How to write an essay! It is obvious, given the complaints in this column that university professors are having to teach or re-teach their students how to write. What that seems to suggest is that our secondary schools are not preparing students for the expectations of university rigor.
The problem, I believe, is that high school teachers are using rather simplistic templates (such as the “hamburger mode“) with the result that sentences and paragraphs tend to be short, padded and disconnected to the argument or description — perhaps not even defining a problem or answering the “so what” question.
As a result, I am working on a multi-sensory written language model (based on my book) that I used when I was in private practice, as well as with my university students.
That model is based on writing protocol research done in the 1980’s by Linda Flower and John R. Hayes, still relevant today and involves: (1) pre-planning, (2) translating (writing), and (3) reviewing/editing. See, for instance, the sources on this Google site, as well as on this Illinois Weslayan University page.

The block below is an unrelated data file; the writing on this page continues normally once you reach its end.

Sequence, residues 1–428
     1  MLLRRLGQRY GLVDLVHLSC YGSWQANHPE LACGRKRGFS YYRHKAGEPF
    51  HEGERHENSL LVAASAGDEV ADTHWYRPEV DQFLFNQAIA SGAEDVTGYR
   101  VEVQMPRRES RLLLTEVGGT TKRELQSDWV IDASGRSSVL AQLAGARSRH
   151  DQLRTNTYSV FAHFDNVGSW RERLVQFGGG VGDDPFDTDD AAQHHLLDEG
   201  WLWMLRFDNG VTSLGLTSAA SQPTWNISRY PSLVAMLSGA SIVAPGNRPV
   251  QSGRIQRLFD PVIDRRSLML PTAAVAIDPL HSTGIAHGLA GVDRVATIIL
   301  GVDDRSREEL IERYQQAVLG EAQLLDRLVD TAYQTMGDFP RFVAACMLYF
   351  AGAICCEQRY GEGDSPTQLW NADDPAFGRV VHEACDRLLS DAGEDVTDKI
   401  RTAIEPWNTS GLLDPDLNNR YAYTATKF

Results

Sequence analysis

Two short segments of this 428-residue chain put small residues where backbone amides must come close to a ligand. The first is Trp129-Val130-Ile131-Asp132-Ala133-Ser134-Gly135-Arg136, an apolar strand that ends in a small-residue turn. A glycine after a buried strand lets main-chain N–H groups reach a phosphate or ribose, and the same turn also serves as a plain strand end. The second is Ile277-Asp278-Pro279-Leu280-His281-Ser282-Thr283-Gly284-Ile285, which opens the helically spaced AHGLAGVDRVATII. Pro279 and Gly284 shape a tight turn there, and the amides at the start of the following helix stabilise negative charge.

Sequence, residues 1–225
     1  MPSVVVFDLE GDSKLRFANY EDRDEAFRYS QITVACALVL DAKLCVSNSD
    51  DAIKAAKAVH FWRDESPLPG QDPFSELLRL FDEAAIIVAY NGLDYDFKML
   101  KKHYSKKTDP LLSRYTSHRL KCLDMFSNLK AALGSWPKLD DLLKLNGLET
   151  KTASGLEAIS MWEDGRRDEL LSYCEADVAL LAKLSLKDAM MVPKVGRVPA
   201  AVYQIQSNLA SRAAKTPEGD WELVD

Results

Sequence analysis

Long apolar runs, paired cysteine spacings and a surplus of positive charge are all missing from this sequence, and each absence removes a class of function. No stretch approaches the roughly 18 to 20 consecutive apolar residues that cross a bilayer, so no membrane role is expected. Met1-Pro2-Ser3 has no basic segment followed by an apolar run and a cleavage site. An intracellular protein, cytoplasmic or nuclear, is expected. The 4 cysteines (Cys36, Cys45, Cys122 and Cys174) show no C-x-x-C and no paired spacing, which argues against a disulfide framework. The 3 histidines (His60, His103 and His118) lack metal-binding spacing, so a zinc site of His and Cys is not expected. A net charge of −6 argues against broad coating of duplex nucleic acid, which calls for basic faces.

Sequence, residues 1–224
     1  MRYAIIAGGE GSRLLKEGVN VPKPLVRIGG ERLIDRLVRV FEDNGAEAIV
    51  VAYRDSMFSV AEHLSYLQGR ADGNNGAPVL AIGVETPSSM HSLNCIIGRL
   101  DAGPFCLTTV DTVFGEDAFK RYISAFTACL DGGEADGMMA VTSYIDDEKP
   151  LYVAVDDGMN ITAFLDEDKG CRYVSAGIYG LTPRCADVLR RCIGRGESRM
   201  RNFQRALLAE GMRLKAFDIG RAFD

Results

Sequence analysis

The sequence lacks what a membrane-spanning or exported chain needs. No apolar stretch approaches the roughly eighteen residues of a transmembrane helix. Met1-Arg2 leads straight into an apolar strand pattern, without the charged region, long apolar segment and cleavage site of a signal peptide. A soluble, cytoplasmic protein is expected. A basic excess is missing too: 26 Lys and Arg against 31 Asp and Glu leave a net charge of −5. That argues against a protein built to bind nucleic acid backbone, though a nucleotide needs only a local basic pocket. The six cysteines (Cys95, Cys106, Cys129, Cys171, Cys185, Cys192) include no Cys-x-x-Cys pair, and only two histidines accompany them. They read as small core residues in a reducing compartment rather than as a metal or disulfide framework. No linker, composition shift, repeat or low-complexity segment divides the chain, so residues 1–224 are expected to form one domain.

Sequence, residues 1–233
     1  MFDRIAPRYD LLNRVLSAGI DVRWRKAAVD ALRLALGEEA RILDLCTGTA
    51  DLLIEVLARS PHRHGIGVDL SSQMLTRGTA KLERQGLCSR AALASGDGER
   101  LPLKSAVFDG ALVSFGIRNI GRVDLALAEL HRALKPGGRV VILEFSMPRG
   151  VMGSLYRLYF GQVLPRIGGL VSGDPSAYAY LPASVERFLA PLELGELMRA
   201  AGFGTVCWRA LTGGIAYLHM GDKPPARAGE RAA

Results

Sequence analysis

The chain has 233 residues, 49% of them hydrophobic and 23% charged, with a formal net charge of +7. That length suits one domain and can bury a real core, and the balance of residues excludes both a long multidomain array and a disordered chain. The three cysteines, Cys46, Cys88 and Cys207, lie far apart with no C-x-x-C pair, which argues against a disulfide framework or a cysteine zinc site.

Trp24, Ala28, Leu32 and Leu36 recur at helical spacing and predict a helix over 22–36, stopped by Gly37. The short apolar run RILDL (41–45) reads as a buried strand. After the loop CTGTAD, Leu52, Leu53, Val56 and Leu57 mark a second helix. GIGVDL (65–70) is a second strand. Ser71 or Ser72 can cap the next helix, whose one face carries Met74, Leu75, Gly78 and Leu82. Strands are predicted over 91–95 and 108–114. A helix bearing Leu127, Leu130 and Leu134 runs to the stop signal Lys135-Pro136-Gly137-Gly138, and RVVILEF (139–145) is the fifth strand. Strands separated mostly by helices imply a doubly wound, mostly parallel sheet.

However, where my model differs is when the pre-planning and organizing of research sources and ideas are finished — which, by the way, can really be expedited by a software program called Inspiration — the translating part begins with tape-recording, as opposed to jumping right into writing.
For example, with the pre-planning information in hand, the student simply “talks” the information into a tape-recorder, as though they were giving a speech. While it may take more than one go-round, once completed the student simply has to transcribe (with ear buds) their verbal version into a written format which becomes the “body” of the paper. They then add an introduction and conclusion and edit and revise so that everything is connected from start to finish.